“You… guy came… heh… you had sex with your baby…”

“I don’t even… that’s… OKAY, WHAT THE FUCK ALREADY?”

“Ha… ha… you got… raped… ha… ha…”

Caroline: Caroline’s patience is long gone. The Beast takes over, and takes over Em’s mind.

“Stop, and calmly relate everything that happened to me in the Dungeon, and all conversations you overheard related to me, she demands.

GM: The man garbles and twitches. “Ten… mouths… twelve… heads… mother… spare your faithful… mother… take us into… take us into… that… which is flesh… shall not die… that… which was n-not sh-k-l… n-gh-ev…”

Tears begin to stream down the cripple’s eyes.

Caroline: Caroline has no pity for him.

GM: “It’s… s…”

Caroline:TALK,” Caroline demands again.

GM: “When you make the two into one, and when you make the inner like the outer and the outer like the inner, and the upper like the lower, and when you make male and female into a single one, so that the male will not be male nor the female be female, when you make eyes in place of an eye, a hand in place of a hand, a foot in place of a foot, an image in place of an image, THEN YOU WILL ENTER THEKINGDOMOFHEAVEN!” Em screams in one great big lurching rush.

“G-g… god… whe… r… you… n… o… jus… can’t be.. jus… m… ee… the jungle… all they do… is watch… watch you… me… all do is blee… blee… BLEEHEEHEEHEEEEE!”

Em shrieks and howls with laughter, his cuffs dully clunking as his arms thrash. “G… g… et it… GET It AWAY! GET IT AWA-Y!”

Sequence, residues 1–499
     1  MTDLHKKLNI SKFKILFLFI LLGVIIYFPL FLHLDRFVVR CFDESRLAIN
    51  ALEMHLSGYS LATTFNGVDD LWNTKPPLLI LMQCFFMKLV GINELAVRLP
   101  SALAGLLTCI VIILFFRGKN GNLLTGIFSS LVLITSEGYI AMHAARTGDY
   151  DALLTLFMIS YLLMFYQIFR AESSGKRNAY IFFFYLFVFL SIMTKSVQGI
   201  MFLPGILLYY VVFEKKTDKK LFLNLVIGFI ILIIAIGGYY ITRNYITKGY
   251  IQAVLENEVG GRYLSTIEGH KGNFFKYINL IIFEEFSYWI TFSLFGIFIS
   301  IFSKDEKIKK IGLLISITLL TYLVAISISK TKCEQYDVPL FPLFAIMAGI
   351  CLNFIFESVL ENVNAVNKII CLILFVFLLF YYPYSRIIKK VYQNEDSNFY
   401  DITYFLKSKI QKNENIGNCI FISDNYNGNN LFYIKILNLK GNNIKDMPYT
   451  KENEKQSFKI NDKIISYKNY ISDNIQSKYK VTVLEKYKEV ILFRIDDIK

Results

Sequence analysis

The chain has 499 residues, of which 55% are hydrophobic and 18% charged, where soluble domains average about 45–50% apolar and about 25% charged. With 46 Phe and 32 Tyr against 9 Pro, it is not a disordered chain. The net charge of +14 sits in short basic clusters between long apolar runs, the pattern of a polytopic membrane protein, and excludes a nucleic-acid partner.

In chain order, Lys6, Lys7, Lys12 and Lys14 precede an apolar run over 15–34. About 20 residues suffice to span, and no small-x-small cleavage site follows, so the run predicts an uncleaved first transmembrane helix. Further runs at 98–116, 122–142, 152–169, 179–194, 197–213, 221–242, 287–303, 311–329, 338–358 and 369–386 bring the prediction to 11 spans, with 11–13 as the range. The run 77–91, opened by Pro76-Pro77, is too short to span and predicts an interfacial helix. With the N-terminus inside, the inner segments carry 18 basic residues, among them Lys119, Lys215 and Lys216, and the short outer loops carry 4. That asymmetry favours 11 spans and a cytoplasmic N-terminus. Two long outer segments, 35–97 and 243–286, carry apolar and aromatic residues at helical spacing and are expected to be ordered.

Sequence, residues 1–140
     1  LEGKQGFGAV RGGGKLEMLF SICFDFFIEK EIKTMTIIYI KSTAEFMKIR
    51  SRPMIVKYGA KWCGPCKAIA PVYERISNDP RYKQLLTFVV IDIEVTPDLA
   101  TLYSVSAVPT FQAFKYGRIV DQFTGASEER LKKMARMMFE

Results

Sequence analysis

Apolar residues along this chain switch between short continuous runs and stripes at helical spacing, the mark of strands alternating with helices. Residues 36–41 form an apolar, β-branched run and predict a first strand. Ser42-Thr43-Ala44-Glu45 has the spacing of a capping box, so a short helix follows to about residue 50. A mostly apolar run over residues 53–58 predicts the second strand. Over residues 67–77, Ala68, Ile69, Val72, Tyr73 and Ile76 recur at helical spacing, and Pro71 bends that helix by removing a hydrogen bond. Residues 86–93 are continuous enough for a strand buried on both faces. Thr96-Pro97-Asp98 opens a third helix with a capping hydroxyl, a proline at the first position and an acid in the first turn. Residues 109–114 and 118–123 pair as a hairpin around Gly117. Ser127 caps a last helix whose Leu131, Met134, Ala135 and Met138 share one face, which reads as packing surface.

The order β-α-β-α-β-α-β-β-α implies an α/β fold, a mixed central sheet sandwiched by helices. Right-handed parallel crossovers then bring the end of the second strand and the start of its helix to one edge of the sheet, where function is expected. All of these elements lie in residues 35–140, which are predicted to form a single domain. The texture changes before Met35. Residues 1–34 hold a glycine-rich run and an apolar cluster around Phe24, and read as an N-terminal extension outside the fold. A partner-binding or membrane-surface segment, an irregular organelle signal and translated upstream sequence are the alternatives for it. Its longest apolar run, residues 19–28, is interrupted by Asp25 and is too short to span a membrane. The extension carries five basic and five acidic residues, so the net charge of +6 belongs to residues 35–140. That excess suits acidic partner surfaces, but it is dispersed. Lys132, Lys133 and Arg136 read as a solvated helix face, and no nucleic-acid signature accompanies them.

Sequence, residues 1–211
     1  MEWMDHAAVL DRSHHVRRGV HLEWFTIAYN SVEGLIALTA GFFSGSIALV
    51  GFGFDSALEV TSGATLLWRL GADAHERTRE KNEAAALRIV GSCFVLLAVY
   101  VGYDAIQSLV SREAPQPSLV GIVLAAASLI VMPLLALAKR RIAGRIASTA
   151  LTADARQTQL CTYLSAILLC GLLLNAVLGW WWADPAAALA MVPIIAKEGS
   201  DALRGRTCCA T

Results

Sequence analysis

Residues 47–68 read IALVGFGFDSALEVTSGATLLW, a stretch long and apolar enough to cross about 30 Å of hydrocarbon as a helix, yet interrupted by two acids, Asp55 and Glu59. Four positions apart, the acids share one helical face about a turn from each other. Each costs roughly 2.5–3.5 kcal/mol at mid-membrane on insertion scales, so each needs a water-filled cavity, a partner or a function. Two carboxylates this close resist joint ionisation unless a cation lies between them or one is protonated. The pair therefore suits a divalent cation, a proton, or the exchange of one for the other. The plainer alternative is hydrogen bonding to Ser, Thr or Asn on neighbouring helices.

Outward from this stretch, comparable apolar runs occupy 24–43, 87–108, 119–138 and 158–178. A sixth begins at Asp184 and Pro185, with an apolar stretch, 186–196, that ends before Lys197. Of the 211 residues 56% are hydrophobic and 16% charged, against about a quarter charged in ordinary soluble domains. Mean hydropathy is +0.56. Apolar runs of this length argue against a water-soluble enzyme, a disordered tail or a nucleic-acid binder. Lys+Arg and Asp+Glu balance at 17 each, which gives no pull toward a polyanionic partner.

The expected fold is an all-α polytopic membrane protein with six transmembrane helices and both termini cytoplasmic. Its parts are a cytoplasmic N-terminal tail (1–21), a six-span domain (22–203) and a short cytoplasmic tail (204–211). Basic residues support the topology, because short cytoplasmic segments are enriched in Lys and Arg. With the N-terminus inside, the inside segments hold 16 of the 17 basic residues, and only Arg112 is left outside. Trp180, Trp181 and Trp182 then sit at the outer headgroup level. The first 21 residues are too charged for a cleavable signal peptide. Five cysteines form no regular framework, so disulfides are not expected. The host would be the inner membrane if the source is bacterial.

Caroline: Caroline moves to stifle his screaming.

GM: Her hand clamps over his mouth. She feels the moisture of his tears and the wetness of his madly thrashing tongue. “G… i… i… y…” Em’s face crumbles like muffin topping as Caroline shifts her hand. “Yyy… y… mother…”

Caroline: “Repeat what you just said,” Caroline demands. “Quietly.”

GM: “You’re one… dead… bitch,” Em pants in the same dreary monotone. “One… dead… bitch… they threw you out… with the rest of the… trash… were all… done with you… him, he thought he’d… he fucking cried over it… fuck are you here… you’re dead…”

Caroline: “What did they do to me!” Caroline demands.

GM: “No, no, you were dead, he said, he said, all ten kinds of dead, all gone, time to throw you out.”

Caroline: “Who said!”

GM: “Guy who brought you.”

Caroline: “He tortured me.”

GM: “Dead, dead, dead, dead bitch in a dumpster, dead bitch in a can! Dead bitch in a trunk… dead bitch in a car… come on, baby, take a ride with me, you’re one dead bitch and we got places to see…”

Caroline: She lays on another gift of the Beast on top of that already rampaging through his mind, pulling him in the most favorable way possible as he attempts to drag the knowledge from him fail. The presence hits him like a raw wave.

GM: Em’s tears warmly trickle through her palm. “I… wish… hadn’t killed you…”

Caroline: “Me too,” Caroline murmurs, her tone more soothing.

“It’s okay, Emmett. Let’s slow down. We were there together.”

GM: Em winces.

Caroline: “Did I tell you anything when we were there?”

GM: “No. You were dead.”

Caroline: “Before I was dead.”

GM: “How the fuck should I know?”